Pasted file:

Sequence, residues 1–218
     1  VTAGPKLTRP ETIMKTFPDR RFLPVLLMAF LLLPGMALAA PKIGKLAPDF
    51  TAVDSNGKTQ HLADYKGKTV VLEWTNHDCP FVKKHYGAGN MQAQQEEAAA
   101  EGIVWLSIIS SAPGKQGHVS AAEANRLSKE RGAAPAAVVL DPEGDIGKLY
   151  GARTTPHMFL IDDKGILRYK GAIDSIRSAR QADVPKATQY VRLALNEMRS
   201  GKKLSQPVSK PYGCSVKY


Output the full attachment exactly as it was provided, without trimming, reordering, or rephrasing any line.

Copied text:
Sequence, residues 1–218
     1  VTAGPKLTRP ETIMKTFPDR RFLPVLLMAF LLLPGMALAA PKIGKLAPDF
    51  TAVDSNGKTQ HLADYKGKTV VLEWTNHDCP FVKKHYGAGN MQAQQEEAAA
   101  EGIVWLSIIS SAPGKQGHVS AAEANRLSKE RGAAPAAVVL DPEGDIGKLY
   151  GARTTPHMFL IDDKGILRYK GAIDSIRSAR QADVPKATQY VRLALNEMRS
   201  GKKLSQPVSK PYGCSVKY